In the end, it was determined that nothing was settled. The only thing settled was that a rematch looms in the offing.

Friday, September 2, 2011

Judah Benjamin Sabo Then And Now

On May 6, Judah Benjamin Sabo entered the world. He's been a pretty popular guy around our house ever since. His birth was a miraculous event, in my estimation. He's the product of a very difficult pregnancy for Julie, marked by gestational diabetes, insulin shots, sleeplessness, stress ... and at the end a very difficult birth. She began bleeding the night of May 5th. Nothing too serious, but worrisome nevertheless. In conversations with the doctor he at first advised her to stay home and rest. But I believe it was around 1 a.m. or 2 a.m. -- maybe a little later; at that time of night what's really the difference between an hour or two? -- that she woke me and said it was time to go to the hospital, even though she wasn't in labor.

We arrived at the hospital at 3 or 4 a.m. and she was doing fine for a while. So was Judah. The plan was for Julie to go ahead and have Judah naturally and to let the birthing process take its course. But around 8 a.m. suddenly things went downhill. Judah's heartbeat couldn't be found and Julie crashed as well, going faint. It seemed an eternity as nurses and doctors rushed into the room and an oxygen mask was placed on Julie that we couldn't hear Judah's heartbeat. It had been so strong at 138 beats a minute, a steady pulsing that signified a healthy baby. Minutes seemed to go by and I watched it at the end of the bed, out of the way of all the commotion, my own heart fluttering and a sense of dread. I did what only I could do in that moment and that was to pray.

I remember praying that I knew God had a plan in all of this but I told Him I didn't know if I was strong enough to face losing my son. And as I watched Julie as she appeared to be in a fog I asked God to save them both. In the scramble suddenly I heard Judah's heartbeat, about 70 beats a minute, weak but a sweet sound. The doctor came to me and told me they were taking Julie in for an emergency c-section. He thought things would be fine and that it appeared Julie and baby were stabilized. They wheeled her away and I waited, alone in prayer.

Maybe a half-hour later the doctor reappeared. Another Sabo had entered the world. He told me that the umbilical cord was wrapped around Judah's neck and in a knot. As he was descending in the birth canal, the cord was stretching and the knot was tightening. If he had been born vaginally, he wouldn't have made it, the doctor said. Julie had her own complications. She hemorrhaged in the recovery room and had a reaction to the anesthesia. For hours the nurses had to keep waking her up because she would fall asleep and quit breathing. It wasn't until about four hours later that I was able to see her. She was still groggy and twice while I was in the room with her she fell asleep and quit breathing.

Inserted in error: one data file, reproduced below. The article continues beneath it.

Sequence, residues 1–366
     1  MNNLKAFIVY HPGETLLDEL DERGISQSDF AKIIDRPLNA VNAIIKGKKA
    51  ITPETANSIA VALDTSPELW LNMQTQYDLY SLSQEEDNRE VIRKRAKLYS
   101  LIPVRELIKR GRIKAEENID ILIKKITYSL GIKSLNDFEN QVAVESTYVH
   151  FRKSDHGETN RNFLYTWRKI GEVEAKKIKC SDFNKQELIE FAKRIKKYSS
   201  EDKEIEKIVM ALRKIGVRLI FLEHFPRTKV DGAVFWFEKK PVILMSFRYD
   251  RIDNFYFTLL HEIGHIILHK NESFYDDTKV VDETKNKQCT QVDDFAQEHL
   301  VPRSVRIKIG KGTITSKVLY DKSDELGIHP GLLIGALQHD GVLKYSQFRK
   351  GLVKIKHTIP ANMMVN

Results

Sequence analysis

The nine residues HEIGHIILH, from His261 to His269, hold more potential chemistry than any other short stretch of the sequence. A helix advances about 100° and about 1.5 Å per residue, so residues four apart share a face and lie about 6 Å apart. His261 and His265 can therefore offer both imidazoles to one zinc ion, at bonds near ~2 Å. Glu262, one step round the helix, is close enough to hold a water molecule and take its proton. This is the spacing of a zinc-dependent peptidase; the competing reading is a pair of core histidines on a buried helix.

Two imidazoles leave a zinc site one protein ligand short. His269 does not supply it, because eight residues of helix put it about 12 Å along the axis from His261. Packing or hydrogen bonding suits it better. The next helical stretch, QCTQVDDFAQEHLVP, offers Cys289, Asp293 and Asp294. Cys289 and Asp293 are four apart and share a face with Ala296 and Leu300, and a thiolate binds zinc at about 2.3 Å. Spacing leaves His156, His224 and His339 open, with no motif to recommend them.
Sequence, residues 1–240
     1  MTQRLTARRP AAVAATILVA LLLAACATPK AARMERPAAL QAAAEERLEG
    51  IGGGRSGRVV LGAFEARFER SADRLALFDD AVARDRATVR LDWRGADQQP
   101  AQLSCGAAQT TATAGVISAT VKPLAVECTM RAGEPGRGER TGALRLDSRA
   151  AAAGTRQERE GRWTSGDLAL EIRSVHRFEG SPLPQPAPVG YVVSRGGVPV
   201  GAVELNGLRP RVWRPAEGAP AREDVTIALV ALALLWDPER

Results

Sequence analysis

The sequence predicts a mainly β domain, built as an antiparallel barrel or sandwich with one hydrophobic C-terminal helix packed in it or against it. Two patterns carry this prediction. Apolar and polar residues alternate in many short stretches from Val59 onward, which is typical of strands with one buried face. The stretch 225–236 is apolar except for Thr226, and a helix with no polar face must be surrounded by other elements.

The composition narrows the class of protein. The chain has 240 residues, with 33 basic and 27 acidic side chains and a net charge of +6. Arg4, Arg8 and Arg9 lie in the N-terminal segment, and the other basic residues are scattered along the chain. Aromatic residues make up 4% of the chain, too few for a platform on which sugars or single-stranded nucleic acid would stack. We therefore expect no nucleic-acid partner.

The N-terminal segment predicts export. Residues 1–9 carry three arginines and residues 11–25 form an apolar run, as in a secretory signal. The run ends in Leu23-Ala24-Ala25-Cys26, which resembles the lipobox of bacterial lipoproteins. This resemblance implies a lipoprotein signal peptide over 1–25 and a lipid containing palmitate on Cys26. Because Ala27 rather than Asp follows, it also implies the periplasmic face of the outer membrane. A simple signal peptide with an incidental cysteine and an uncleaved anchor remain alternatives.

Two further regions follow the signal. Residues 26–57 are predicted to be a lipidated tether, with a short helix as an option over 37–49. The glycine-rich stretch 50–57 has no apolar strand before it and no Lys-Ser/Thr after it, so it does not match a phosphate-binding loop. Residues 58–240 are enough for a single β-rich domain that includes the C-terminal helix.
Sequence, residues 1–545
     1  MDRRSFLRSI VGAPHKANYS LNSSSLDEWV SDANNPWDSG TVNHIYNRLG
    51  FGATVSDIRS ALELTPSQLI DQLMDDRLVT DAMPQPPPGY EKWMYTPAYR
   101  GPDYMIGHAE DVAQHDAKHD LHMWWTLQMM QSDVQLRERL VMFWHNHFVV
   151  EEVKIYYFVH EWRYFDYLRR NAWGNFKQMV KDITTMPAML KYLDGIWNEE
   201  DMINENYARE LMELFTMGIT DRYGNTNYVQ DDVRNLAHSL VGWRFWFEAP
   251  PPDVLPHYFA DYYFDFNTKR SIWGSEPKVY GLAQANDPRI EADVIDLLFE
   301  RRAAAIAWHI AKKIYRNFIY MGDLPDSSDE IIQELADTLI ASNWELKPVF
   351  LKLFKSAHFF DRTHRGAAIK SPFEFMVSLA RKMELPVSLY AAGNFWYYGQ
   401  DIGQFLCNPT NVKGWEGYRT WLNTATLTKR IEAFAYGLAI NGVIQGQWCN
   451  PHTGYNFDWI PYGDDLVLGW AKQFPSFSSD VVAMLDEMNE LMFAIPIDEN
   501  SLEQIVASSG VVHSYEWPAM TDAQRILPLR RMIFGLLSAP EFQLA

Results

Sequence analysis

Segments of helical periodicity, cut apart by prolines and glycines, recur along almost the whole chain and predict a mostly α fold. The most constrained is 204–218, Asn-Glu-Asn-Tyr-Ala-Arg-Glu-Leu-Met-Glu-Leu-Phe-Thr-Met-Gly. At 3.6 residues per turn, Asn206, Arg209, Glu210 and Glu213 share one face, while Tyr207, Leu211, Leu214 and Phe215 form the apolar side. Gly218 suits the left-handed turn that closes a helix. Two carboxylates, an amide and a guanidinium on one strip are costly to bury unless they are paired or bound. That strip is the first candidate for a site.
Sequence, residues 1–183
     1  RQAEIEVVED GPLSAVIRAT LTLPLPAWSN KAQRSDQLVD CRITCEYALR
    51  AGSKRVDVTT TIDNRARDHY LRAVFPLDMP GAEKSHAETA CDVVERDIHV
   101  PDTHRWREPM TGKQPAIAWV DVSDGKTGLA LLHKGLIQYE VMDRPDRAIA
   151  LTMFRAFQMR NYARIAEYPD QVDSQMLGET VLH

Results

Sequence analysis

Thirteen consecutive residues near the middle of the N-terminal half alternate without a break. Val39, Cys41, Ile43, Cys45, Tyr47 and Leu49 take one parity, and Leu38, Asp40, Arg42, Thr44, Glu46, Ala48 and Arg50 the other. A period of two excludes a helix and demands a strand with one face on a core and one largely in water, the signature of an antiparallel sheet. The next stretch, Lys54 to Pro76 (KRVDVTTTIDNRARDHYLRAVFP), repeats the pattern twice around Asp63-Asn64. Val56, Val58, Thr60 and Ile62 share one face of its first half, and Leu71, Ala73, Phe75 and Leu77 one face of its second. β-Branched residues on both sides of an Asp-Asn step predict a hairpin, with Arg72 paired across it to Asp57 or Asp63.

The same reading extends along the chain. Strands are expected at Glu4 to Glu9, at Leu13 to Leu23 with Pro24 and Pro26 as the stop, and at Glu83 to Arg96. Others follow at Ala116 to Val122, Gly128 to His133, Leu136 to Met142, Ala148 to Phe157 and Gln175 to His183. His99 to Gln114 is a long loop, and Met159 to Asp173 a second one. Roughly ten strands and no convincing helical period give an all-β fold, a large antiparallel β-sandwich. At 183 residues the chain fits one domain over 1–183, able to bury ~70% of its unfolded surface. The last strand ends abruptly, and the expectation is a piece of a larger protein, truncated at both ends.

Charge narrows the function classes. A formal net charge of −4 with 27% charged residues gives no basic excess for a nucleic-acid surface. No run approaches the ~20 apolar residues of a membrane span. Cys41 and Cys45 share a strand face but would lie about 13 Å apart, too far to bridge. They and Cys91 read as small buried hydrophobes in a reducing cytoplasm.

The doctor, when he was speaking to me just after the birth, told me how another 20 minutes and we might not have either Julie or Judah with us. He told me how lucky we were. No, it wasn't that. "I was praying," I said.

Julie is doing just fine. She's as busy as ever and Judah keeps her quite occupied. Judah is growing into a stout young Sabo, or as stout as a Sabo can be. He's starting to laugh and is reaching out for things. This evening I was holding him and went in the back yard with the little boys and Olivia. Eli started kicking a soccer ball around. Judah watched him and started laughing. Then I joined in and started playing a game with Eli and Gabe while still holding Judah. We've never heard Judah laugh so hard.

Tuesday, August 30, 2011

A Sabo Sampler of Summer Photos & Thoughts on Irene

Here we are a couple of days after Hurricane Irene blew through Gloucester. We did just fine and praise God it wasn't as powerful as advertised. Brenton is visiting and brought a friend with him from Oregon, Parker Smith, we have Lauren Mealey (a 22-year-old friend from Corvallis) living with us this summer, and Anna joined us for the hurricane party. So if my fingers and toes are correct, that was 18 people under one roof for Hurricane Irene. What a night. I am quite positive I wouldn't want to be around for a category 2 or 3 blow. Three trees went down in our vicinity, including one on the neighbor's roof, but major damage was avoided and no one was hurt. We lost power for 14 hours -- fortunately we are on the county water system and have a gas stove and water heater -- and everyone slept downstairs because I was worried about trees falling on our house. Literally, the floor was covered with people on mattresses.

As you can see, Judah is with us. He's a splendid chap, quite popular with his brothers and sisters, and is just now starting to laugh and jabber somewhat in his own distinctive lingo. He was born May 6 under traumatic circumstances, for both him and Julie. God is good, however. At one point the doctor told me that if Julie hadn't had an emergency c-section, we may have lost both of them in another 20 minutes. Julie is doing well, as you can see, and so is Judah. He spends a lot of time being carried around, believe it or not.

Last week was quite crazy. We had an earthquake that struck about 80 miles or so from here -- a 5.8 temblor -- on Tuesday, that rattled the house and nerves. I was in the courthouse and at first thought the folks at Camp Peary across the river (a mysterious CIA camp) were blowing up things again. But it kept shaking and in fact shaking more vigorously. When I poked my head out the door I saw people running for the exits and hollering something about an earthquake. The last quake of note in Virginia occurred in 1897, to give you an idea of how infrequently these things happen here. Then Irene blew in on Saturday. I went shopping on Thursday in advance of the storm and it looked like there had been wide scale looting in the store. No water was to be found anywhere, entire shelves were cleaned out, the place was packed ... it was wild. The gas stations had long lines of people filling up containers for fuel for generators (a staple for homeowners in these parts) and by Friday you could see people hauling furniture and family belongings out of low-lying areas along the rivers.

Irene proved to be a lot of hype, however, and not nearly as destructive as feared. I am thankful for that. My prayer throughout the hurricane, which started blowing in earnest Saturday morning and continued to about daylight Sunday morning, with continuous sheets of rain, was that the Lord would keep us safe, not allow any trees to fall on our house, and to keep our neighbors and those in our community safe. My prayer was answered.